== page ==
The ends of these have prongs so where I cut I made sure that end was as near as I could to the cross pieces leaving a nice prong for the next sheet.

    I found it was much easier to get this done if I only cut alittle over halfway through the mesh, when I had worked my way down to the bottom rung, I stood on the shorter end and got hold off the longer end and pulled it upwards where it would separate.
    No more fighting to get the blade of the hacksaw free, etc...

    I got 2 neatened up trellises out of each and alittle bit left over.
    I'm now looking out for something I can attach to the side of the bins so I can hang them up.Should be alittle safer that way.

    Alitle while later I was again contemplating and thought they garden side of the bins could be used for something but what?
    A tap perhaps?
    No a place to put that stainless steel laundry tub thats been sitting behind the tool shed for ages.
    Out with the hamer and a couple of nails and the laundry tub is attached to this side of the bins so I could see how it looks and if hubby likes the idea.

    And you thought compost bins were just for making compost.

    The idea is to run a hose into the garden so I am not having to roll it out each time and roll it up again when I'm done(which I dont do and get into trouble for it).
    If I can get a attachment hooked up so I have water at a tap above the tub and one so I can use the watering system for the garden, I've got both ends met.
    I ned to get a plug for the tub so I dont use more water than I need to.
    The bright idea with having the tub here is .... I can prewash the vegetables in the garden,trim off any nasty bits and put them straight into the compost.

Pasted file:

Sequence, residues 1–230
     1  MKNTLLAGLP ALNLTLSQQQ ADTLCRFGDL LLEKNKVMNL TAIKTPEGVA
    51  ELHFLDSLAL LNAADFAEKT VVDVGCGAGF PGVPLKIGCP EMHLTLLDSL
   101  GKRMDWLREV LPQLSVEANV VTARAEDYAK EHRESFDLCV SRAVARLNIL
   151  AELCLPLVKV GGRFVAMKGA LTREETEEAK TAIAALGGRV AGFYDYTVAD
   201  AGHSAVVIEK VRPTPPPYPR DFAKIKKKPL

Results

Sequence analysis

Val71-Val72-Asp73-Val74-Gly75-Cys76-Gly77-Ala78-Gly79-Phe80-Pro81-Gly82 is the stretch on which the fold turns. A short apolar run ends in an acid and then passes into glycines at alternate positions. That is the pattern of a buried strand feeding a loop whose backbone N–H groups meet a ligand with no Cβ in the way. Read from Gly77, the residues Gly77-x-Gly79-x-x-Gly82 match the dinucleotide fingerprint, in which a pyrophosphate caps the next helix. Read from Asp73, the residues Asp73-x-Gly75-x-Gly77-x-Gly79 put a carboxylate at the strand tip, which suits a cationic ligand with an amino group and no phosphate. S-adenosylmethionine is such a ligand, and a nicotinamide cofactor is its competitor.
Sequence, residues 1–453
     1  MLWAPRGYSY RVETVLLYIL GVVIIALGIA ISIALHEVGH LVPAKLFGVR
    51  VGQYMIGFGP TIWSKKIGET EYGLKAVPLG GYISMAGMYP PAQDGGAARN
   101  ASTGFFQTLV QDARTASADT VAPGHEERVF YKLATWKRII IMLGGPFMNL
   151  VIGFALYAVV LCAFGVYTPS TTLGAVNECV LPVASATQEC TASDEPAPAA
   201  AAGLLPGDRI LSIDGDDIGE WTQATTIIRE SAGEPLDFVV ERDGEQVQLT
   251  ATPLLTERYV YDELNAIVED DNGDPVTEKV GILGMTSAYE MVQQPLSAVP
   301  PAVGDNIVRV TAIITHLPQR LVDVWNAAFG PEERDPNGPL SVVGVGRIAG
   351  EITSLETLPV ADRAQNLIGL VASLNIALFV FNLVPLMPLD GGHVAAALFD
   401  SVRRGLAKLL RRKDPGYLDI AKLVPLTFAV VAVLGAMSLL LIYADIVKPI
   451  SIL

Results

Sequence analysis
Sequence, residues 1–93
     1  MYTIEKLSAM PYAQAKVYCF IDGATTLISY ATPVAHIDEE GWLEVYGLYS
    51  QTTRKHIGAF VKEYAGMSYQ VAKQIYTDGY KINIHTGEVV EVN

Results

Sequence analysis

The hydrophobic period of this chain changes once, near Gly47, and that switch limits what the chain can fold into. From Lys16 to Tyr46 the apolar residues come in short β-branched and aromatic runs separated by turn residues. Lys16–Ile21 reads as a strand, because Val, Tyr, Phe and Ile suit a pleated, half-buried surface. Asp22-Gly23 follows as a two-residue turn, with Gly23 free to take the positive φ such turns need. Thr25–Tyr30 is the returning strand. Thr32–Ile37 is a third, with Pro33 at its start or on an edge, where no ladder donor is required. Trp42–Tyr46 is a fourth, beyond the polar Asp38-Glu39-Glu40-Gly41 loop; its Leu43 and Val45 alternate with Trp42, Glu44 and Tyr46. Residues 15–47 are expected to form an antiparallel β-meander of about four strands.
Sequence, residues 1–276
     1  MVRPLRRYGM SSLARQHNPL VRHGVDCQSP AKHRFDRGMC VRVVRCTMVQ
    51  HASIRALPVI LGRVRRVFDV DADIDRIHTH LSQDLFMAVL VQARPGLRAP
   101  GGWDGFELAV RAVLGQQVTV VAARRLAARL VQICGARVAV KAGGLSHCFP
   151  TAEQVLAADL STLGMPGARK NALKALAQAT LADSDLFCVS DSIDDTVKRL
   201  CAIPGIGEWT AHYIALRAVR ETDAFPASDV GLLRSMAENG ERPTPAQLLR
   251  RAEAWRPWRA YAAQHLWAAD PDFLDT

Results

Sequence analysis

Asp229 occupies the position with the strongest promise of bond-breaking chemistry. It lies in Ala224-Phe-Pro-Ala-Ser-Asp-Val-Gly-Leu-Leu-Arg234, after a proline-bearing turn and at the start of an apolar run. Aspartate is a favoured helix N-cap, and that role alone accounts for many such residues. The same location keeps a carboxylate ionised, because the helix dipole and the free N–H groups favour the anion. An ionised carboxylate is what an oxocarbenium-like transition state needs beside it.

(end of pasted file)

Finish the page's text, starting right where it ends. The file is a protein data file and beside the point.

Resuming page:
If I put a bucket under the drain, perhaps I can use this for the compost teas/manure teas rather than letting it pour onto the ground.

    With having the plug left in, I might not even need to use the tap in winter, just let it fill up with rain and if the water is fresh and clean then I can also use it to refill the chooks waterbowl.

    I think I have room to put afew buckets of compost teas, I just thought of that, so I'll have to go out and move the seaweed bucket and comfrey bucket over there, to see if there is room for a 'drain' bucket.

    I'm rethinking direct mulching of the garden beds and composting for a number of reasons, I havent formulated my plan of attack for the next growing season fully yet, but this biodynamics book is giving me afew ideas (cant see me doing the cowhorn thing tho).
     
  5. eco4560

    eco4560 New Member

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    Maybe you could fit a worm farm under the sink and run the water into there? For another glorious glory of worms. I liked that....
     
  6. mischief

    mischief Senior Member

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    Hi eco,